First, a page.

Single dose of alcohol modifies brain, study finds
According to a new study, a single administration of alcohol permanently alters the morphology of neurons, reducing the rewarding effect of alcohol, suggesting that an alcohol addiction can begin to form as early as the first drink.
The study, published in Proceedings of the National Academy of Sciences, was led by Henrike Scholz, PhD, of the Institute for Zoology at the University of Cologne in Cologne, Germany. Scholz and her team, researchers from the University of Mannheim-Heidelberg and the University of Cologne sought to better understand the mechanisms behind the transition from sporadic drinking to chronic alcohol abuse in the brain.
“We set out to discover ethanol-dependent molecular changes. These, in turn, provide the basis for permanent cellular changes following a single acute ethanol intoxication,” said Scholz in a statement. “The effects of a single alcohol administration were examined at the molecular, cellular, and behavioral levels.”
The team administered a single dose of alcohol into fruit flies and mouse models and analyzed the effects on their behavior as well as their brain chemistry. Researchers found that the ethanol led to changes in mitochondrial dynamics and the structure of synapses in neurons. They found that the movement of mitochondria was impaired and the chemical balance between certain synapses was disturbed in the cells treated with ethanol. These changes remained permanent in both the flies and the mice. They were also associated with increased alcohol consumption and alcohol relapse later in life.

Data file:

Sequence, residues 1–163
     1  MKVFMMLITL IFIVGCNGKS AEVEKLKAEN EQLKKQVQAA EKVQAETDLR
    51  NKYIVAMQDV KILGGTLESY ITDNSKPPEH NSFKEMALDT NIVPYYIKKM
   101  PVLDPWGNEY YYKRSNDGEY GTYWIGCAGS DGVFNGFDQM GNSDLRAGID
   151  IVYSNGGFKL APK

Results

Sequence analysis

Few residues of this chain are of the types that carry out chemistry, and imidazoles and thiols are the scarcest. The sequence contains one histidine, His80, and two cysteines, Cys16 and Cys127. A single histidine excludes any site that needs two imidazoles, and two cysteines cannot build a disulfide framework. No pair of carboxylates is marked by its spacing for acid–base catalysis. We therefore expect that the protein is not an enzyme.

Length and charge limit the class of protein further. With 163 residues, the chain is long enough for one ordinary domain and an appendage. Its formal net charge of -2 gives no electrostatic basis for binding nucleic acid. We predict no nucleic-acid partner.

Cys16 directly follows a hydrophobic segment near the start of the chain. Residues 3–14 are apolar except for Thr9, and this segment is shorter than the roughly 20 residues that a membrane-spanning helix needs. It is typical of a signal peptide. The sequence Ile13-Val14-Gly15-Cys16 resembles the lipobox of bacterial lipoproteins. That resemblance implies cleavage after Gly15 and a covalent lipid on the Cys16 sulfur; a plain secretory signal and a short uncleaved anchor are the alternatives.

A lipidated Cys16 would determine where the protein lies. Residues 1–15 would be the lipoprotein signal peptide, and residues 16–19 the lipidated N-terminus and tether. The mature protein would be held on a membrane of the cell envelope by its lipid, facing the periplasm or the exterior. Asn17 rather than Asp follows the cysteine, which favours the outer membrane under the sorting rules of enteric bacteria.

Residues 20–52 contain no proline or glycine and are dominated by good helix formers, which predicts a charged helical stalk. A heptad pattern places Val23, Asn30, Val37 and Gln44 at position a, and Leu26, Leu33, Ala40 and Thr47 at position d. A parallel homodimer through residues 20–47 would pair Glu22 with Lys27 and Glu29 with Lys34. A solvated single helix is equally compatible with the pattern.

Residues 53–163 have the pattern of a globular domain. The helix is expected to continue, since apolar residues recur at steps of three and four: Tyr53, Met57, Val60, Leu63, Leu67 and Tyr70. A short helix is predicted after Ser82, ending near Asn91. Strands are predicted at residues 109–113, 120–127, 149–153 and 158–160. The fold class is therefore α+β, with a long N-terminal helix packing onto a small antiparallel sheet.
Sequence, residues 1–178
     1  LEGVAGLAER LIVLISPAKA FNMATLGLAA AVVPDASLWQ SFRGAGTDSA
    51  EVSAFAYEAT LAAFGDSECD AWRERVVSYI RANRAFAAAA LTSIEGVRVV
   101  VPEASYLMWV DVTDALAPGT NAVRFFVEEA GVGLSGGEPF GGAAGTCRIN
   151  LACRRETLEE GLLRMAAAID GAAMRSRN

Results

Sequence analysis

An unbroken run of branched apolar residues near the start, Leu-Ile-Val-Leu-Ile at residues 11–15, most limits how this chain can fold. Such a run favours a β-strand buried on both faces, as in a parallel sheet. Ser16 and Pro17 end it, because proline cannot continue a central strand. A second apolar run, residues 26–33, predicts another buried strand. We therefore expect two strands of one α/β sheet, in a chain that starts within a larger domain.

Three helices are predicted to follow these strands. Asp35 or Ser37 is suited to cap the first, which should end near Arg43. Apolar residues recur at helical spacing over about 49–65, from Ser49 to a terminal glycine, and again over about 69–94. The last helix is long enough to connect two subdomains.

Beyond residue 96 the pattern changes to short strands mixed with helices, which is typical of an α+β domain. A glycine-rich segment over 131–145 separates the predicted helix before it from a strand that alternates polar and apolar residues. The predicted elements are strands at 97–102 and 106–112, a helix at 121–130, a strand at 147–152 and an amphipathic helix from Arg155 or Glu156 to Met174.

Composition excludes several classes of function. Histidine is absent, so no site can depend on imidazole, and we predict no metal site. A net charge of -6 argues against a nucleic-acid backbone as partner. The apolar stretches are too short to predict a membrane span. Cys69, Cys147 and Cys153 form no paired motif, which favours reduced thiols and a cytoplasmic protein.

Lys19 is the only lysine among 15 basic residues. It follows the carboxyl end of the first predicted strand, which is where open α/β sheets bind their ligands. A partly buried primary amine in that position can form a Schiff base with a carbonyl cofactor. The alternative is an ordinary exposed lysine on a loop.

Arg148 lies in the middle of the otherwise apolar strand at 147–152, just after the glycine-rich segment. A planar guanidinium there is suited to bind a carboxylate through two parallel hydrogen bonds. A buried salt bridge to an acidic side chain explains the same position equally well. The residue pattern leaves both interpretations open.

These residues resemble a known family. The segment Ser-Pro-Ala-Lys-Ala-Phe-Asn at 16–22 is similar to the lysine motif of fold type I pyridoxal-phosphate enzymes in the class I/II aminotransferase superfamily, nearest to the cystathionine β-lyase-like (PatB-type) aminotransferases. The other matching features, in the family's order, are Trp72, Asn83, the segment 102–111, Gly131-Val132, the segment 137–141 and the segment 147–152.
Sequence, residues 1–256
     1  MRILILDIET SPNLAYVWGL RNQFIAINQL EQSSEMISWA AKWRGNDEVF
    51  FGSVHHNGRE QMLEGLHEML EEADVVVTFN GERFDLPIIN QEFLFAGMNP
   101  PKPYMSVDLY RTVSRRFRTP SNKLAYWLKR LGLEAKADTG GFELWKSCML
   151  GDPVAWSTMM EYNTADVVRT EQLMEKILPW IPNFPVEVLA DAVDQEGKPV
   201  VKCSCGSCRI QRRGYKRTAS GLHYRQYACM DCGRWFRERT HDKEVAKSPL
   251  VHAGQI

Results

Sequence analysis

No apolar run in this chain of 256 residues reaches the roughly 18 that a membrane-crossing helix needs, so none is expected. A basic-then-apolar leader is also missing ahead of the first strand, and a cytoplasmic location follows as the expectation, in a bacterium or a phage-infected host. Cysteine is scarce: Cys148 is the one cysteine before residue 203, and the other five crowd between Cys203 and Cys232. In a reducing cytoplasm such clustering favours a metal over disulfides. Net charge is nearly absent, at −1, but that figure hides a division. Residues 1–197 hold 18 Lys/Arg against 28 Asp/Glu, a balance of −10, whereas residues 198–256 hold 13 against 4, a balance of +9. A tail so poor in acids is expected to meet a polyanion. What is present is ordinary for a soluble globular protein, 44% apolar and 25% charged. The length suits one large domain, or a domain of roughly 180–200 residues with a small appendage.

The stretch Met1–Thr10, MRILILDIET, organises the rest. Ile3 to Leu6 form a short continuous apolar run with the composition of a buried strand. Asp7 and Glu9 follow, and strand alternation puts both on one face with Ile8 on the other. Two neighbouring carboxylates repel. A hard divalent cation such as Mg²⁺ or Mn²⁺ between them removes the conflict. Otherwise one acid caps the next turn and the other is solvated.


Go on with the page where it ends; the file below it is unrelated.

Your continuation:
“It is remarkable that the cellular processes contributing to such complex reward behavior are conserved across species, suggesting a similar role in humans,” said Scholz. “It could be a possible general cellular process essential for learning and memory.”
According to the study’s authors, these results suggest that a single intoxication experience can lead to increased alcohol consumption as well as alcohol relapse later in life.
“These mechanisms may even be relevant to the observation in humans that the first alcohol intoxication at an early age is a critical risk factor for later alcohol intoxication and the development of alcohol addiction,” said Scholz. “This means that identifying lasting ethanol-dependent changes is an important first step in understanding how acute drinking can turn into chronic alcohol abuse.”